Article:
The Oilers are running out of both time and patience.
It’s official: the Boston Bruins will take on the Chicago Blackhawks in the 2019 Winter Classic.
That edition of the event, which will air on NBC on Jan. 1, 2019, gets a really fun hook: it will take place at Notre Dame Stadium, home of the Fighting Irish. Maybe both teams will wear special gold helmets as an ode to their hosts?
“The Blackhawks and Bruins, two of our most historic franchises, will be meeting outdoors for the first time at the 2019 Bridgestone NHL Winter Classic,” NHL Commissioner Gary Bettman said. “Notre Dame Stadium, with its capacity approaching 80,000, will provide an ideal setting for this ground-breaking event and will host the largest live audience ever to witness a game by either of these teams.”
This marks the fourth Winter Classic for the Blackhawks and the third for the Bruins. It’s also Chicago’s sixth outdoor game overall.
Both teams pumped out some fun videos to celebrate the announcement.
Here’s a bit more information regarding the history of the Winter Classic, via the league’s press release:
The 2019 Bridgestone NHL Winter Classic® continues the tradition the League established in 2008 of hosting a regular-season outdoor game at the onset of the new year. This game will be the eleventh NHL Winter Classic, the first time that the Blackhawks have faced off against the Bruins in an outdoor game, and the fourth Original Six matchup (2009, 2014, 2016). Bridgestone, the Official Tire of the NHL® and NHLPA, returns as title sponsor for the tenth consecutive year. Over the past decade, the Bridgestone NHL Winter Classic® has become a tentpole hockey event on the North American sporting calendar, and Bridgestone will be maintaining their partnership with the League through 2021.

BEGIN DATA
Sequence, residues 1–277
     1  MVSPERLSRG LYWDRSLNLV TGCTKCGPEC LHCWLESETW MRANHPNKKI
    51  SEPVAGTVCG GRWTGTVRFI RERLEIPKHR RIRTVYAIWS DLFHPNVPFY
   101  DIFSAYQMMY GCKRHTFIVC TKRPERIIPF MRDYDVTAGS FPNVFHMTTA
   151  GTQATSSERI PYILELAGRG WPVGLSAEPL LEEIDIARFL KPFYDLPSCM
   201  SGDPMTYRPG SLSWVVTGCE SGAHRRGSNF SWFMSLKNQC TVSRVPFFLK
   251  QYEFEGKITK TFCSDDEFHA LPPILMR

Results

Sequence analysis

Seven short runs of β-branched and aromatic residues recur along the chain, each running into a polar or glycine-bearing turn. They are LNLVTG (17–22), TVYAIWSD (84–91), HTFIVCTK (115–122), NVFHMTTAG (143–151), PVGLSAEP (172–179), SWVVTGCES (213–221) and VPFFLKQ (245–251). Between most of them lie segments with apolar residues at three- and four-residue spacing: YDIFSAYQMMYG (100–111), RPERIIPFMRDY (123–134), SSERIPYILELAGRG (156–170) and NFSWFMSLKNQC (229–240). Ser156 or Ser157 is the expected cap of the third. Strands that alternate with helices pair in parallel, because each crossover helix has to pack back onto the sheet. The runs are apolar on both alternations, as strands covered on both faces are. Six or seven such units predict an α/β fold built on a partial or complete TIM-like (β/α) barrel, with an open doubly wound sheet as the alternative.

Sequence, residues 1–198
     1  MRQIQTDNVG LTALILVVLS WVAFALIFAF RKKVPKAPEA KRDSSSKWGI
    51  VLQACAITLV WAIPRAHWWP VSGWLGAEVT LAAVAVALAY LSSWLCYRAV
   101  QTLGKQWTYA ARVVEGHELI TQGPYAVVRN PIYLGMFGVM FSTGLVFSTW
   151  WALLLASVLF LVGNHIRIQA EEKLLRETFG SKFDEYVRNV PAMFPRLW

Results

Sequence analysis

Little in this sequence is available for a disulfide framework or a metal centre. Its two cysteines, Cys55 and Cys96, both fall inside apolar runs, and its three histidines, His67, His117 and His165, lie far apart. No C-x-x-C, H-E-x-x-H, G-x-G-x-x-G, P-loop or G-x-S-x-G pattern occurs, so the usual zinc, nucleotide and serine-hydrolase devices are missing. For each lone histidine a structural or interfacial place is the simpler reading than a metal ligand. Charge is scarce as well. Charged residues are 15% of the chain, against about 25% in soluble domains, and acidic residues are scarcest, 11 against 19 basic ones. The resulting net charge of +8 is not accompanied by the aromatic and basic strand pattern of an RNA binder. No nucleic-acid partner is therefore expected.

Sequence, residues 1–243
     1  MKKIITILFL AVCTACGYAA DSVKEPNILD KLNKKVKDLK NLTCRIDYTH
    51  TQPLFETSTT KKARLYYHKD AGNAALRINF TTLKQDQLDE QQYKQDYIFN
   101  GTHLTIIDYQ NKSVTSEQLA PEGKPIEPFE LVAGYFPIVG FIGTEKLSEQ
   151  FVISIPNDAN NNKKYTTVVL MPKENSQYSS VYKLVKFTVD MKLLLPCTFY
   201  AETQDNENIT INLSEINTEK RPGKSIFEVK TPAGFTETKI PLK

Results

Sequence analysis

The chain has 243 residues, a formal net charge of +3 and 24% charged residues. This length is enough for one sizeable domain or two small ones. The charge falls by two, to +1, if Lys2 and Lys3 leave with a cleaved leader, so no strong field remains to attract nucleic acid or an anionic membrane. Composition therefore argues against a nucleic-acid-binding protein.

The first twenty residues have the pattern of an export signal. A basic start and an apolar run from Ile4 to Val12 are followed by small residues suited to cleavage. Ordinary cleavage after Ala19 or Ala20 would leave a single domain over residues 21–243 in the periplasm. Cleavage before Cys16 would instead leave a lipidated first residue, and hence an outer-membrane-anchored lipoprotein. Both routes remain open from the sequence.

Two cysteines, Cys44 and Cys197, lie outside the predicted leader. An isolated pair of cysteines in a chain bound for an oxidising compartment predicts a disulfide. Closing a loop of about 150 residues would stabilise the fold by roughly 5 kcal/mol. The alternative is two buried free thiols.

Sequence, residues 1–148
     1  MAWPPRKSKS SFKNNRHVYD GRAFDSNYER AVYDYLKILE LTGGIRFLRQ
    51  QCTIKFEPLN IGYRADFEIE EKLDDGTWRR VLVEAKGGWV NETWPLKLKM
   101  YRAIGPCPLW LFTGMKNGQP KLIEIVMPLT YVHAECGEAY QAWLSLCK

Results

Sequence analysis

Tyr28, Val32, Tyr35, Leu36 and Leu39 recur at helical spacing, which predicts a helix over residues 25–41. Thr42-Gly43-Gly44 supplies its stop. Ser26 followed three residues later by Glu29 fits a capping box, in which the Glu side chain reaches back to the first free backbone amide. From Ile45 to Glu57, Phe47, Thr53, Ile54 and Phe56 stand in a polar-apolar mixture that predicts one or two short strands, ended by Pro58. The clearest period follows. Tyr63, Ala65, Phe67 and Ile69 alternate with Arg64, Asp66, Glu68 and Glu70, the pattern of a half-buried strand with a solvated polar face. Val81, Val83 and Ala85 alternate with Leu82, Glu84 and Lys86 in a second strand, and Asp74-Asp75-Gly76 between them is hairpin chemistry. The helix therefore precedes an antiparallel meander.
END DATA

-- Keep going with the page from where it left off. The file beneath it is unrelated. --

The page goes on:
Two nights earlier, in a 3-1 loss to the St. Louis Blues, Hischier took a penalty 36 seconds into the first period.
The Devils were shorthanded 44 times and were in the lower third of the league in terms of penalty kill percentage (79.6) in the month of October.
Something had to change.
“We had talked to the team about controlling (penalties) and if it didn’t get better, guys were going to sit for a certain amount of time,” Hynes said on Saturday. “We held strong to that and made it clear that it didn’t matter who it was.
“(Hischier) took a penalty the game before. We addressed in between games. He took the first penalty in the next (game) and he came back down and I said, ‘You’re going to have to sit for a bit,’ and he said, ‘I should. It’s my fault.’”
Hischier sat for just over seven minutes but still managed 21:18 of ice-time in the game. He hasn’t taken a penalty in three games since his brief foray riding the pine.
Hynes praised his rookie’s resolve as a team player that hasn’t put his ego before the team.
“He’s not one of these younger players that comes in and thinks, just because of where he was drafted or what his status is or because he’s a good player that he gets preferential treatment,” Hyne said. “That’s why he’s such a special guy for us to have on our team and in our organization. He’s an elite player that really understands what it means to be part of the team. Winning and the team comes before him and his ego.”